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Translation by Siri

Siri may have difficulty understanding English when it is spoken in a Scottish accent, but Apple’s virtual personal assistant now has another trick up her sleeve: translation.

A team of developers recently introduced an app called Lingual, which turns Siri into your own personal translator, allowing your iPhone to translate spoken words and phrases into 30 different languages. All you have to do is ask Siri “How do you say “_____” in “_____?” and a translation will appear on your screen in the language of your choice.

Before you venture off to another country with your iPhone in hand, though, there are a few drawbacks to consider. The first, as reported by The Verge, is the simple fact that Lingual’s translation capabilities are far from perfect.

“We installed the tweak and can report that it works flawlessly, quickly pulling in results using Microsoft’s Bing Translate API as a backend. Its only limitation is that backend, which isn’t as strong as Google’s offering, and regularly fails to correctly translate phrases.”

Poor translation is a pretty big limitation, isn’t it? Google Translate has issues enough, so you may want to think twice before relying on this app as your sole means of communication.

Another potential issue: in order to use Lingual, you must jailbreak your iPhone if you haven’t done so already. Not that big of a deal, but it does make installation a bit more complicated than simply firing up the app store and downloading it.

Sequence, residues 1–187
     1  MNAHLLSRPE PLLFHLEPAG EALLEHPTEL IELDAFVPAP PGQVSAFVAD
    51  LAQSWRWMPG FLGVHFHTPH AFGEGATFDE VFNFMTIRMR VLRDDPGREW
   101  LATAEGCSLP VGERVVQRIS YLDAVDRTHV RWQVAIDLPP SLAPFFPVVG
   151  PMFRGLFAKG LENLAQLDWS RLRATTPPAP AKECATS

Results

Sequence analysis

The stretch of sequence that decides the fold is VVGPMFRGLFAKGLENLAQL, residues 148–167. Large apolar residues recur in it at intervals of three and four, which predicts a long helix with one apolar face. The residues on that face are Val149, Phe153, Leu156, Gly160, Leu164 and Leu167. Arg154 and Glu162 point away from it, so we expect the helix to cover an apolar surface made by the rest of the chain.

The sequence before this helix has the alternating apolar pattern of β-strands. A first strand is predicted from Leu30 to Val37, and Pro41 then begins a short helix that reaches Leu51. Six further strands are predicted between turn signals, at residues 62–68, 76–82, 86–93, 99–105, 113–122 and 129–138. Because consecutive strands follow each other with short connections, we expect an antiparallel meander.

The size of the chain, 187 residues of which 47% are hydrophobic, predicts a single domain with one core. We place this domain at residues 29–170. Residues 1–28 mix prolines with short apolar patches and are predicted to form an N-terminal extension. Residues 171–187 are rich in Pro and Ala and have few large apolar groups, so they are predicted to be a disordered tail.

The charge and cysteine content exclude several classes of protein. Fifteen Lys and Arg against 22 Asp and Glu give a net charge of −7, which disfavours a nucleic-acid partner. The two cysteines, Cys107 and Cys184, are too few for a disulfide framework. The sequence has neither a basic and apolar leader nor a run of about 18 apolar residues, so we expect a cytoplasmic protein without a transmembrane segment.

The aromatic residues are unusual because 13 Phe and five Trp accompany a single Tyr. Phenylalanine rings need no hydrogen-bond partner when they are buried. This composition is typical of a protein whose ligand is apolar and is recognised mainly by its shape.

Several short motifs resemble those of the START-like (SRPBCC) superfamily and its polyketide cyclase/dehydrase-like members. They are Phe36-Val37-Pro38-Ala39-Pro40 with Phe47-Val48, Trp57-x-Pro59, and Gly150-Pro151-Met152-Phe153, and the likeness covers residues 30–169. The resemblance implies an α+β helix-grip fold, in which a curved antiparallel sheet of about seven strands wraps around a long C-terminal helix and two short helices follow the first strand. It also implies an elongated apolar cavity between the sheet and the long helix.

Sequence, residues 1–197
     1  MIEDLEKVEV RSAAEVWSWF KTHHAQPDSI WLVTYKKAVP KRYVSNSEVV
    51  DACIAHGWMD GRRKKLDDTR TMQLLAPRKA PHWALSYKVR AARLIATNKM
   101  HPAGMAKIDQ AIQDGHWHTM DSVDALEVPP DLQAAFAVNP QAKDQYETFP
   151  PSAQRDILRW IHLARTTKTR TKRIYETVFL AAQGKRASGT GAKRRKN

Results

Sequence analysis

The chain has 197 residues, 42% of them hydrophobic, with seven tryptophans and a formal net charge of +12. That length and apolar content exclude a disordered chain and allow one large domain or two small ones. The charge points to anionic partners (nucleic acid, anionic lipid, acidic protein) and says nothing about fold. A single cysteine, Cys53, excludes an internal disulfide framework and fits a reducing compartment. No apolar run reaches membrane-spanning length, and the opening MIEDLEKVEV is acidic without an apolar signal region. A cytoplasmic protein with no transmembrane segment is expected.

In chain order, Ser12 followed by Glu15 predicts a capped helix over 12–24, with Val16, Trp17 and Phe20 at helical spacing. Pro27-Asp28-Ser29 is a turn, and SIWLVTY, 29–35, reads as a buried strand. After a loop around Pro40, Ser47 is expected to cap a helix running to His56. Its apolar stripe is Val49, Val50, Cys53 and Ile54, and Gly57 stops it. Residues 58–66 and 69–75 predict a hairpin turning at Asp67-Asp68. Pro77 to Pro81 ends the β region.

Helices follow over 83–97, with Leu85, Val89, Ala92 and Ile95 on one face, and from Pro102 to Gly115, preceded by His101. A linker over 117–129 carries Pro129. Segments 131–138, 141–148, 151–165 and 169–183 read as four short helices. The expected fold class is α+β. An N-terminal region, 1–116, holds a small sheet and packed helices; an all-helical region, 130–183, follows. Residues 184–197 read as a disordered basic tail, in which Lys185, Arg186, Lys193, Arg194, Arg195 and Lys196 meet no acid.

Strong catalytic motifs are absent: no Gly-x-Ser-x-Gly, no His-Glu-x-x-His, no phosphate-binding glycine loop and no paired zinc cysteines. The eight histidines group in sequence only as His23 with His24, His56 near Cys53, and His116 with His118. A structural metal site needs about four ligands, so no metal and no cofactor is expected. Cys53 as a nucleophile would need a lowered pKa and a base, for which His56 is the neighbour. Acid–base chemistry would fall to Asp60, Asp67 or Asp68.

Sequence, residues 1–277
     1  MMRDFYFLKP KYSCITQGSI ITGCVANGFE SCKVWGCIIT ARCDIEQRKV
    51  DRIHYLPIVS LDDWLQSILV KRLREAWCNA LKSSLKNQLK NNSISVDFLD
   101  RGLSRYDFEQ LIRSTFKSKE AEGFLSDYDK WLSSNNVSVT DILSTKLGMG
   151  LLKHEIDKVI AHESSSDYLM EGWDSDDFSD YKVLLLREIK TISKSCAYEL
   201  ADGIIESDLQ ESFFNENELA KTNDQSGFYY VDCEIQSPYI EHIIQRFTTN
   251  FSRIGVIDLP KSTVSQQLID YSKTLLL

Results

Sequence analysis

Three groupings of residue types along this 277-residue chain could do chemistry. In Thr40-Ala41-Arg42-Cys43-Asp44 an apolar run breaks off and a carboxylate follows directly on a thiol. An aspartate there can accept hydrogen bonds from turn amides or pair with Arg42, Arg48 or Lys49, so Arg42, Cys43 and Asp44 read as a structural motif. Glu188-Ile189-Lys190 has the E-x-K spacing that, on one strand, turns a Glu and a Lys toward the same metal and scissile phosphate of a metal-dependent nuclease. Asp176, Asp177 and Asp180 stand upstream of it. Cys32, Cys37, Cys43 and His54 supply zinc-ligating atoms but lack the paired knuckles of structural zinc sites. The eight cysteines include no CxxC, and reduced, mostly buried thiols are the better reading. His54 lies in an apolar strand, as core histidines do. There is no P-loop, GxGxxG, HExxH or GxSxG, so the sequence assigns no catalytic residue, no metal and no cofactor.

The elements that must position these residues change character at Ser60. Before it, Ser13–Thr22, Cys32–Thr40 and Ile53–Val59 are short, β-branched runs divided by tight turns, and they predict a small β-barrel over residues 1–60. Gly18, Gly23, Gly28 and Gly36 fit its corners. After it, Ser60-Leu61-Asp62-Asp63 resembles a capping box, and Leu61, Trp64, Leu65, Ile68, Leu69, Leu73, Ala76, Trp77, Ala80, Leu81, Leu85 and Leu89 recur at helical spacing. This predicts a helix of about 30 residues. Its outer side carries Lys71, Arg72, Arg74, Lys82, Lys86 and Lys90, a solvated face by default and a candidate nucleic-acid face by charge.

Finally, if you are travelling, you may be charged extra for using data while roaming. That means that you may end up paying an arm and a leg for Lingual’s translation services when you get back home – not a good way to end a vacation! It’s not as flashy, but you might be better served by downloading a translation application that is stored on your phone and doesn’t require access to your carrier’s data network.

apple translation fail

Apple Translation Fail

Translation fails are a well-trodden internet path for people looking for a quick giggle. Whether it’s that Chinese toilet sign inviting you to ‘pee in the pool’ or a coffee shop in Bulgaria that proudly boasts a poster saying ‘we hope you lick our coffee and our waiters’, the idea that something so inappropriate could reach public display is just plain comedy gold. These well-meaning attempts at transmitting a message aren’t just funny though; they remind us that translation is more complex than a lot of people imagine. I mean how obvious are some of those classic examples weve all seen? Well, not very if you have little understanding of the language.

There are situations where this kind of innocuous mistake can have more serious implications, though, if say it was made by a giant multinational technology company for example. Take the Apple iPhone 7 slogan ‘This is 7’. Hilariously, in September when this ad was shown in Hong Kong it became apparent that in Cantonese the slogan read as ‘This is male genitalia’. Read more